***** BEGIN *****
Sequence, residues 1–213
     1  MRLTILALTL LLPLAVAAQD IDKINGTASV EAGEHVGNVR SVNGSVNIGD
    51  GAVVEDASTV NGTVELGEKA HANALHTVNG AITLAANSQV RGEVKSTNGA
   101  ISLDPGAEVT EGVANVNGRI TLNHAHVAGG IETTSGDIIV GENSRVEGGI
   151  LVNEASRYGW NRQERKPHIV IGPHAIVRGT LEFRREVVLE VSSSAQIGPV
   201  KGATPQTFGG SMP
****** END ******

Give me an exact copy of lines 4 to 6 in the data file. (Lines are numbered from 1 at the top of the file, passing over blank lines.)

   101  ISLDPGAEVT EGVANVNGRI TLNHAHVAGG IETTSGDIIV GENSRVEGGI
   151  LVNEASRYGW NRQERKPHIV IGPHAIVRGT LEFRREVVLE VSSSAQIGPV
   201  KGATPQTFGG SMP